** And the way you color-code four 240V circuit in conduit is circuit 1: Black x2.... circuit 2: brown x2... Circuit 3: red x2... Circuit 4: blue x2. Or whatever. It's perfectly fine for both hots to be the same color.

3
  • Range loads don't need the continuous derate, see the footnotes to table 220.55 May 24 '20 at 16:19
  • You need a 40 or 50A circuit for the cooking appliance tap rules to kick in, but yes, two 8/3 cables might be a better option....also, 1/2" ENT will just barely fit a range circuit. (2 8AWG THHN hots, a 10AWG THHN neutral as permitted by 220.61(B), and a bare 10AWG ground) May 24 '20 at 17:05
  • All of these answers and discussion have been helpful. I do have a 40A double wall oven on the same wall and have already run an 8/3 cable for it.
    – godeatgod
    May 24 '20 at 18:03
0

Not sure what exactly what issue you are having? NM-b is 90°C wire, #14 90° is good for 25A, 70% of 25A is 17.5A.

Would I run all 4 cables through a single hole? Probably not. Wouldn't be any fun or save any time or effort trying to keep it tidy, and I would expect that one of the cables might get twisted out of order and increase the possibility of insulation damage. Cables tend to have more friction than the wood, so all those cables get difficult to slide. Attracts unnecessary attention from Inspectors.

I guess you could argue that you think that one 1" hole is easier to drill than two 3/4", but even that is an unresolvable debate since it is opinion.

0

Subpanel

Right now you are running 4 circuits with 15A each. You can just as easily, and almost as cheaply (just the difference between 14 and 12 wire) have them ready for 20A each. But this is an unusual setup. Most people don't have 4 separate cooktop modules. They have either a combination oven/cooktop or a separate cooktop and oven. Depending on the types (excluding gas, of course, but I assume that isn't an option or you would likely be doing that now), those are typically 30A to 50A each. Code, as cited by Harper, requires you to have the big circuits available in a kitchen anyway.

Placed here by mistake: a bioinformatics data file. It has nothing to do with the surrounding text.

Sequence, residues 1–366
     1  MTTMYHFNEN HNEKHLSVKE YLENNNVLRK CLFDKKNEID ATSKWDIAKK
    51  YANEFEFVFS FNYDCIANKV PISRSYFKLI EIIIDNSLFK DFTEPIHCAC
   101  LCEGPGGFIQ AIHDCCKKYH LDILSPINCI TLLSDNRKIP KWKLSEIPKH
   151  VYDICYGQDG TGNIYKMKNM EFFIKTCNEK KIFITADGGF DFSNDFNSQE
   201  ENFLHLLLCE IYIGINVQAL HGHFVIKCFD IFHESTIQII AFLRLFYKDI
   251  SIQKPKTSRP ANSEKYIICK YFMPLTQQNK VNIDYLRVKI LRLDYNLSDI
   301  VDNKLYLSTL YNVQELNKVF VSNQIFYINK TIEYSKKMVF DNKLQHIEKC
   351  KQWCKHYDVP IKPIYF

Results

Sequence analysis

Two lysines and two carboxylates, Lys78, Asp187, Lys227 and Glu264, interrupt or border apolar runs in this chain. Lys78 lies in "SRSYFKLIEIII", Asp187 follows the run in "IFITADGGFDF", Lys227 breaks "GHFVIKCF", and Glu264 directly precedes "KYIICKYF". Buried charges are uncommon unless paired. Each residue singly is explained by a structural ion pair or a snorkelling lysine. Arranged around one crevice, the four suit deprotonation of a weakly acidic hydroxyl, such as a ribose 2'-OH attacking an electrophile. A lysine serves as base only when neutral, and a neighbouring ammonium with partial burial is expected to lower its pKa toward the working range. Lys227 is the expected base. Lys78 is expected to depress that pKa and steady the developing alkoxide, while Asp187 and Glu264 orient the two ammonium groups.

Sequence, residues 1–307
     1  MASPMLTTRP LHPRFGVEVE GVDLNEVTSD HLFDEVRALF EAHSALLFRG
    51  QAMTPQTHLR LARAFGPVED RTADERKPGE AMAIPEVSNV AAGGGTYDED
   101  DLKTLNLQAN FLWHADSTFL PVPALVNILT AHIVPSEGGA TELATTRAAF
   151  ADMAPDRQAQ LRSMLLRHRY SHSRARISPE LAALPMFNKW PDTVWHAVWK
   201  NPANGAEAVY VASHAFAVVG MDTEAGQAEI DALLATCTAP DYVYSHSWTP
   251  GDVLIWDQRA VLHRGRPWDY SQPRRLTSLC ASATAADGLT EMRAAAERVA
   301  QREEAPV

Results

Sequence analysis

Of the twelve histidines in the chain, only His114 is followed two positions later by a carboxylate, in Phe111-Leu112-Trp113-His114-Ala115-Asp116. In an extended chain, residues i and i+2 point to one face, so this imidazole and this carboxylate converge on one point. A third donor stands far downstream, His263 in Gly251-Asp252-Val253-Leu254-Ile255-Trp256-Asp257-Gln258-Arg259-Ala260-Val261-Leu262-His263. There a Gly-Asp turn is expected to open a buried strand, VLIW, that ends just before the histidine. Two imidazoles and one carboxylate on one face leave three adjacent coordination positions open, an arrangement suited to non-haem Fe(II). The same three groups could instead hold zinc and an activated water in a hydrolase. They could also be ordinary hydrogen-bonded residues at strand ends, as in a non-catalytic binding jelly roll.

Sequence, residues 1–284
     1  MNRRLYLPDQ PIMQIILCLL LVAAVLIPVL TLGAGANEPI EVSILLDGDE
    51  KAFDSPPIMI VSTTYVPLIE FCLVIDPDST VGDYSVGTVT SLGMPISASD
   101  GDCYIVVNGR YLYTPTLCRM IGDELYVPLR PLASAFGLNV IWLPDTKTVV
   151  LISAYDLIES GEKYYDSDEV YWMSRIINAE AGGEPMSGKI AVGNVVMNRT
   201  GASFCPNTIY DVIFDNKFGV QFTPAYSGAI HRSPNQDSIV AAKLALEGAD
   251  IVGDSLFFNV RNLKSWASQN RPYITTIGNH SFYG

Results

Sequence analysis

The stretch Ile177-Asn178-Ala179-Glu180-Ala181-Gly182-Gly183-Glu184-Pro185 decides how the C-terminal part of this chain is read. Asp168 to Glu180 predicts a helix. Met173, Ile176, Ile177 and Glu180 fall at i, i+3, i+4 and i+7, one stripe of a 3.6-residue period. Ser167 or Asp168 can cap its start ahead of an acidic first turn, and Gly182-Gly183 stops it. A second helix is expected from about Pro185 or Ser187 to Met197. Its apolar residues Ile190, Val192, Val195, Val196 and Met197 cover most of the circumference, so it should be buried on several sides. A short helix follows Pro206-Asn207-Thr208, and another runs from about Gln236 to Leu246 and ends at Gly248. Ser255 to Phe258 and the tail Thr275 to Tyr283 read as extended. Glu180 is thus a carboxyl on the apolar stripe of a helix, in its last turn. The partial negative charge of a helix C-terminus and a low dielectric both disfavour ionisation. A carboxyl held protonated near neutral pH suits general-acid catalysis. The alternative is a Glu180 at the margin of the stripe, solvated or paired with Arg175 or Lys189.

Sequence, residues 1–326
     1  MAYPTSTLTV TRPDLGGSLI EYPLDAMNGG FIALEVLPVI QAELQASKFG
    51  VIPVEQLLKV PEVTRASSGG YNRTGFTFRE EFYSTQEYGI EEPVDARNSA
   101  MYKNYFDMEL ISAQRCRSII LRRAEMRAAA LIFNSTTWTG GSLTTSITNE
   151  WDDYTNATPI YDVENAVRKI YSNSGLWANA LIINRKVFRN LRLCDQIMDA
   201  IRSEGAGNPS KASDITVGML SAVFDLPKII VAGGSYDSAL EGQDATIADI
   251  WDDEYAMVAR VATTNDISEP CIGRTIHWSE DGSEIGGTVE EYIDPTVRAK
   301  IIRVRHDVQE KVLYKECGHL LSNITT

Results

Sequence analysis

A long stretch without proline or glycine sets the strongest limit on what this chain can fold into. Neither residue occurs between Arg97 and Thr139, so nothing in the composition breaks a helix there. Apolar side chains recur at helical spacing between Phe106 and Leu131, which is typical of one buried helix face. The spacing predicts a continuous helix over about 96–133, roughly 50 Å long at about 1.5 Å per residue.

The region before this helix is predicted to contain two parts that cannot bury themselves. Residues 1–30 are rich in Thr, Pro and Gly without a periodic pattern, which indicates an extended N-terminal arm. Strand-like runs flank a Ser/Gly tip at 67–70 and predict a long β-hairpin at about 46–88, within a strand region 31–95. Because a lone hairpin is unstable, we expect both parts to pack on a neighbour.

Put in a subpanel, minimum 60A. 60A is enough for your current (pun intended, of course) 4 cooktop modules all going at once. It is also enough for pretty much any other typical combination of ovens & cooktops. It will cost more for cable (6 AWG minimum, hot/hot/neutral/ground) but you only have to run one of them. The subpanel will cost some money, but a small panel doesn't cost much. Don't get too small - extra spaces are always good and since your walls are open, you can wire up extra circuits for countertop receptacles and other built-in appliances using the same subpanel, which will save you on more of those 40' runs back to the main panel. Depending on how many circuits you add, you may want to upsize the cable and the main panel breaker serving the panel (the subpanel doesn't need a main breaker but can have one as long as it is >= the main panel breaker feeding it) to increase capacity.

Keep in mind that the subpanel needs to be accessible, which determines height min/max and that it can't be blocked by stuff. And the usual requirements that the experts are always listing here apply: torque everything appropriately, separate grounds & neutrals, etc.

8
  • I wouldn't bother with a subpanel here; subpanels in kitchens tend to collide with cabinetry in most unfortunate (and Code-violating!) ways May 24 '20 at 16:36
  • Normally I would agree, and I do note the need for access. But 4 circuits just for cooktops alone is a bit unusual. May 24 '20 at 16:38
  • There's also the possibility that one could run a fat cable and then use tap rules, given that those are in play for kitchen appliances....but not all manufacturers are keen on that May 24 '20 at 16:47
  • Might look odd, but do the usual NEC rules allow for a subpanel between counter and upper cabinets? Cabinets would overhang the panel but straight-on access would be normal. May 24 '20 at 16:50
  • No, it would not, the lowers and uppers both would be obstructing clear working space. You'd need a fridge-sized hole in the cabinetry, or to mount the subpanel inside a cabinet so that the front edge of the sub is flush to the cabinet front.... May 24 '20 at 16:53

Your Answer

By clicking “Post Your Answer”, you agree to our terms of service, privacy policy and cookie policy

Not the answer you're looking for? Browse other questions tagged or ask your own question.